(moderators: if this belongs elsewhere please move it)I originally entered this text as a reply in a thread about AC dropper-caps and resistors and decided that perhaps it should have its own separate heading.
I also would love feed back and to see experimentation from anyone else to improve or perfect this idea.
In the interest of trying to find a simple and cheap, easy way to drop the normal 125v input AC down to something closer to 105VAC or so for use feeding the old power transformers. (instead of a bucking transformer)
... I decided to play "Edison" tonight and see what I could "blow-up"...lol
So I thought about making a capacitor voltage divider
in front of .. or prior to the transformer .
So I tried out a bread-board
circuit with a few trial components and it all SEEMS to have worked great... so far..... lol
I used a 115/10vAC door-bell-transformer and connected the 2ndary to two #47 lamps in series at the 2ndary load. ( should be 150ma load)
When I feed a NORMAL 125VAC into the primary I get about 15vAC out on the secondary across the 2 lamps in series... OKAY fine.
Then I made a Capacitor voltage divider
by connecting an 8.2uf AC cap in series with a 2.5uf AC cap.
This seems like about an 80:20 ratio.... right? (I don't know if my thinking is clear on that logic)
Anyway .... I went on to feed 125 VAC across the entire divider.
Then I connected the transformer across only the 2.5uf (shunt
) cap to feed the primary.
The 125vAC feed drops down to 105vAC
across the 2.5uf cap... thereby loosing 20vAC with no heat loss!!
Feeding the transformer with 105vAC now ... it dropped the secondary output down to 12vAc... fine!
The total current feeding the whole divider is about 72ma and the current feeding the transformer primary from across the 2.5uf cap is 42ma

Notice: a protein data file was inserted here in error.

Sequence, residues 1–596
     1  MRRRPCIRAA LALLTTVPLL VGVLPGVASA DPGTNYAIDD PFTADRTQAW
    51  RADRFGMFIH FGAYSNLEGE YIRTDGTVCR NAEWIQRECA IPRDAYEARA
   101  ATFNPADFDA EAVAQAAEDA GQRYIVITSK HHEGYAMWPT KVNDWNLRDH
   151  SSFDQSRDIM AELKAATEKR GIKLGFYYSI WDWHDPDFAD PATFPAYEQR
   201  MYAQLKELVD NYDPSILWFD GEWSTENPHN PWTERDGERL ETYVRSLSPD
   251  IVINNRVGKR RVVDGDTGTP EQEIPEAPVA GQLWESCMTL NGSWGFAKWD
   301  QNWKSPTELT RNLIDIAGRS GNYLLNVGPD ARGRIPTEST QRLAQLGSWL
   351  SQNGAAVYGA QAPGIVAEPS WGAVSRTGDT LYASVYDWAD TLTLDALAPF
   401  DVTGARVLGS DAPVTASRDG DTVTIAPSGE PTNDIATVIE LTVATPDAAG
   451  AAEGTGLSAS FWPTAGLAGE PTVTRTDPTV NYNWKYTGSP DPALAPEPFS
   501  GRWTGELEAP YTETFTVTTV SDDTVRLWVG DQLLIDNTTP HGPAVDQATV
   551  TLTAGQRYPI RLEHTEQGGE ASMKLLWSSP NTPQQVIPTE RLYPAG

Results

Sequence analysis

Seems like a good idea... no? ... Or am I just simply "lucky" that the primary does not oscillate with the 2.5uf cap?
My example is using relatively low current loads... so I'm not exactly sure that if a much larger load would require much larger value caps.
... and if so, it may not be practical to buy the much larger-sized AC caps compared to the cost of a bucking transformer.Note update:
To drop the 125volts down to only 112vAC instead of 105VAC ....I decided to change the cap values to 8uf
to achieve a result closer to 112vAC. That worked perfectly.
Then with 112VAC feeding the transformer I decided to increase the secondary load considerably to see if these particular values could be used to drive a heavier load. So I increased the load on the secondary of the transformer to approximately 600ma
(using 3 paralleled sets of two #51 bulbs in series. Each 2-bulb series-set draws 200ma)
At this point the load was drawing 600ma
and the primary was drawing only about 110ma.Here's a note I just found on simple capacitor voltage divider theory:
.. (I've shown approximately the same example values as in my circuit pictured above 8uf and 2uf
)"Capacitive dividers can be used with AC input signals. A DC input voltage would not pass through the capacitors, so the DC case is not relevant. The formula for determining the AC output voltage of a capacitive divider is different from the resistive and inductive dividers, because the series element, C1 is in the numerator instead of the shunt element, as shown below:
Vout = Vin * C1/(C1+C2) ...... where C1= 8uf and C2=2uf
Example: In the following circuit, the output voltage would be: Vout = 125VAC * 8uF / (8uF + 2uF) = 100VAC. Note that the output voltage is not dependent on the input frequency. However, if the reactance of the capacitors is not large at the frequency of interest (i.e. capacitance not large enough), the output current capability will be very low. "